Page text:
Every so often the topic of the multi-sport athlete is raised in the media and I find myself reading about the personal benefits and collegiate advantages being a multi-sport athlete can bring. Almost all of these articles refer to increasing trend of high school athletes specializing in one sport earlier and more and more often – “whatever the reasons” is a common comment towards this trend.
My boys are 9 years old and 10 years old and while I am a firmly against “specializing” in any sport before college I find myself annoyed at the open ended why questions in these articles. The sheer exhaustion participating in multiple sports brings for both children and parents is reason in and of itself. I will argue that the benefits far outweigh the exhaustion but how anyone can downplay the fatigue is beyond me. During the month of basketball and soccer overlap, we had two practices back to back, twice a week. Now we are out of the dreaded season overlap but with multiple children we end up with soccer and/or keeper practices every single night of the week, plus games on the weekends. So many families do the weekend relay race, we just vary up the pieces, be it, karate to soccer game to swim, or softball to a hockey tournament to a piano recital, or, as in our case this weekend 5K race to soccer game to birthday party. One of my besties past weekends was volleyball tournament to choral performance for one child, while another child competed in a basketball tournament. As the kids get older the resource of time becomes more scarce, teams ask for larger commitments, the travel teams start travelling further and more often, school projects become bigger and more demanding (lest we forget the kids “day job”), and somewhere in all that we need to save time for our kids to just be kids – playdates, unstructured play, and relaxing.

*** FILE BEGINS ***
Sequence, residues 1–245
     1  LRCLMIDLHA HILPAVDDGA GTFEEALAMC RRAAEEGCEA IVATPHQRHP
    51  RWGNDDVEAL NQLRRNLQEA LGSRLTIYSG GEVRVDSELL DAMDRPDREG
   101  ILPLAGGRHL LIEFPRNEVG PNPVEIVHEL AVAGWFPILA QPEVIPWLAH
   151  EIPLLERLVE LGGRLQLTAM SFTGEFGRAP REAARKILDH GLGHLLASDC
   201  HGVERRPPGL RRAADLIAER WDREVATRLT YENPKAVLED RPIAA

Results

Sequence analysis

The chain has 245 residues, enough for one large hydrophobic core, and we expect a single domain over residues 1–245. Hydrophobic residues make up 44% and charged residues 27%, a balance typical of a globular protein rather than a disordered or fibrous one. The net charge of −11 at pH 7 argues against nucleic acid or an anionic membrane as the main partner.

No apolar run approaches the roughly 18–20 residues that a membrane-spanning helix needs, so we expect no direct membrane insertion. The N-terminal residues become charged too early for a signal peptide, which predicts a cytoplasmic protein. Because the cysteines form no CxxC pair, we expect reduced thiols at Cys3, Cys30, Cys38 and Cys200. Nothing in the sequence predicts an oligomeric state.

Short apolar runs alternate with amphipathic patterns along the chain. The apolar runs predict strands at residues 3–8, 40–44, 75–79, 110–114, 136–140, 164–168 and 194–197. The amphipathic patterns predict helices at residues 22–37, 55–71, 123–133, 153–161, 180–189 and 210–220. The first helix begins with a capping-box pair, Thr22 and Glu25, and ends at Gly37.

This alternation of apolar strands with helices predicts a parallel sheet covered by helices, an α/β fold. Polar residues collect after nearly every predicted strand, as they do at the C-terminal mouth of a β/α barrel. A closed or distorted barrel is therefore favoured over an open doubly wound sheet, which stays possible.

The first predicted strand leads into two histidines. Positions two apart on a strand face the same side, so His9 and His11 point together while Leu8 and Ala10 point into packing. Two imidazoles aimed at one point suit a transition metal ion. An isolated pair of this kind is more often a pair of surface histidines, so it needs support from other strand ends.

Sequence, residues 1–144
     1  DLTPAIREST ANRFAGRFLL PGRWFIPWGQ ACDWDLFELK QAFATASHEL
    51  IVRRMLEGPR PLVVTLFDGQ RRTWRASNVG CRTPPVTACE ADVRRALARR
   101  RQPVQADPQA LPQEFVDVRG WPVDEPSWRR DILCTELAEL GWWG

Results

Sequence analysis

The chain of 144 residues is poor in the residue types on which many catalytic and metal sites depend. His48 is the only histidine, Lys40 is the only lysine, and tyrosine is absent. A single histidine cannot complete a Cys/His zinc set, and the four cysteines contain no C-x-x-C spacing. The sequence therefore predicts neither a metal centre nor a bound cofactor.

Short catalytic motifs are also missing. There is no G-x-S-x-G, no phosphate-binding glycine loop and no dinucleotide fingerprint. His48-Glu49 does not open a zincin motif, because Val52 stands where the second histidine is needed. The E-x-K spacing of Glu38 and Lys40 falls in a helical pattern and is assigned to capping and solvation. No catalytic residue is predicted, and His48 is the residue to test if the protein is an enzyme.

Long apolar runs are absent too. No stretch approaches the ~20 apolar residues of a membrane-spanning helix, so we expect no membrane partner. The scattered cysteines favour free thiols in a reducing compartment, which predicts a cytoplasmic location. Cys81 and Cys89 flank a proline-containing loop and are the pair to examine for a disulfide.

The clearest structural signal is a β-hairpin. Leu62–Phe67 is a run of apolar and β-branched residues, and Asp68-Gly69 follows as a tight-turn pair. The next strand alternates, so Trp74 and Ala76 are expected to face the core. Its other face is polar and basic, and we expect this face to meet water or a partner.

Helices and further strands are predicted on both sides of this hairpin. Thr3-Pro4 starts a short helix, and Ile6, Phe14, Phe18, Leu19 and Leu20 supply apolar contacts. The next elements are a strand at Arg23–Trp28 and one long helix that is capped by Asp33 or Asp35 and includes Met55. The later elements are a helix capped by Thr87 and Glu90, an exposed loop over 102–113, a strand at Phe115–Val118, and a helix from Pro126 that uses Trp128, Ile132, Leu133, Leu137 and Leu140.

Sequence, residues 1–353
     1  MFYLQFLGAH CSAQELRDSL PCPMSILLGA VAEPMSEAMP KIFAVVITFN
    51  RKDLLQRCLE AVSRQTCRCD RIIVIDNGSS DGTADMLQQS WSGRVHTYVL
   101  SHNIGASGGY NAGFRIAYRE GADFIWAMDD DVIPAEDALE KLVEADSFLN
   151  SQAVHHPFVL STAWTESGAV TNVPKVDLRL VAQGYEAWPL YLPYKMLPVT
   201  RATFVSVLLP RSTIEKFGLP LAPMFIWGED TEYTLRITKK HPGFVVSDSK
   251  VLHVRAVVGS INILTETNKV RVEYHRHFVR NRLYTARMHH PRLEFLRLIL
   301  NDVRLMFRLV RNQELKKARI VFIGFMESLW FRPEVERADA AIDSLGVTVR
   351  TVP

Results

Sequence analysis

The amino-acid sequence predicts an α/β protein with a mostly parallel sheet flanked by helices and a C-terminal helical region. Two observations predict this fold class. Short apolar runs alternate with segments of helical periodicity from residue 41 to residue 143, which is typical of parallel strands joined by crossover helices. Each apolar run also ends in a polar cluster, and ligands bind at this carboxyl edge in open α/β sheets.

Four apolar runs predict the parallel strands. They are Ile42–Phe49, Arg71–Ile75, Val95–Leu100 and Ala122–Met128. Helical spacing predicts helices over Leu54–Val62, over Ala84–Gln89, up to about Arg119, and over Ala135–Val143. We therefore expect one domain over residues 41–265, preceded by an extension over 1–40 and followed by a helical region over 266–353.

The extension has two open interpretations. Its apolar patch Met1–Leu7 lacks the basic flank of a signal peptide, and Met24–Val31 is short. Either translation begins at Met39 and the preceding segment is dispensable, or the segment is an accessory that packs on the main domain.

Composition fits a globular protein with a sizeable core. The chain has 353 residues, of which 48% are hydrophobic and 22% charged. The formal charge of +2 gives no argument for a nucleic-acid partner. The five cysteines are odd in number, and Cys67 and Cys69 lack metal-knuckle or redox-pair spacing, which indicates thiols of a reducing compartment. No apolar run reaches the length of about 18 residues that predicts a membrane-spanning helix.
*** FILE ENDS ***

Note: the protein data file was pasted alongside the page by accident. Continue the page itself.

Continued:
The reason to read about the multi-sport athlete is not to become annoyed but to be reminded of the many benefits being a multi-sport athlete can bring to every child regardless of where their athletic career might take them. Did you know that according to TrackingFootball.com 88.7 percent of players in Super Bowl LI played multiple sports in high school – this includes 52.8 percent who were basketball players, 47.2 percent who competed in track and field, and 18.9 percent who played baseball. In Super Bowl L, the overall multi-sport athlete percentage was also 88 percent with two completely different NFL teams. Clearly there is a connection between competing at the highest levels and being a multi-sport athlete. More importantly, being a multi-sport athlete reduces injury rates in your child, reduces sports burnout, exposes kids to different kids and potentially different places with travel, and teaches about hard work, teamwork, failure, and success, just to name a few life lessons.
As rabid UCONN Huskies fans, we’ve been watching the HBO special UCONN: The March to Madness about the Women’s Basketball team, while watching my oldest had a “lightbulb” moment while Coach talked about not coaching endurance or desire – he turned to me and said, “that why we run and race, so no one ever has to coach our endurance in a basketball game.” Yep, little man, that’s one of the many reasons we run.
Again, my boys are young, and I’m not planning to live off of their pro-athlete million dollar salaries anytime soon, nor am I anticipating college scholarships but that doesn’t mean that all our crazy running around to be multi-sport athletes isn’t time well spent. The life lessons they are learning by playing competitive sports while tiring are invaluable. So, in case you too need the reminder that eventually all the sports craziness will be worth it, remember there is far more evidence supporting the advantages of multi-sport than disadvantages. And if you have any tricks, tips, advise for surviving multi-sport craziness, please pass them along!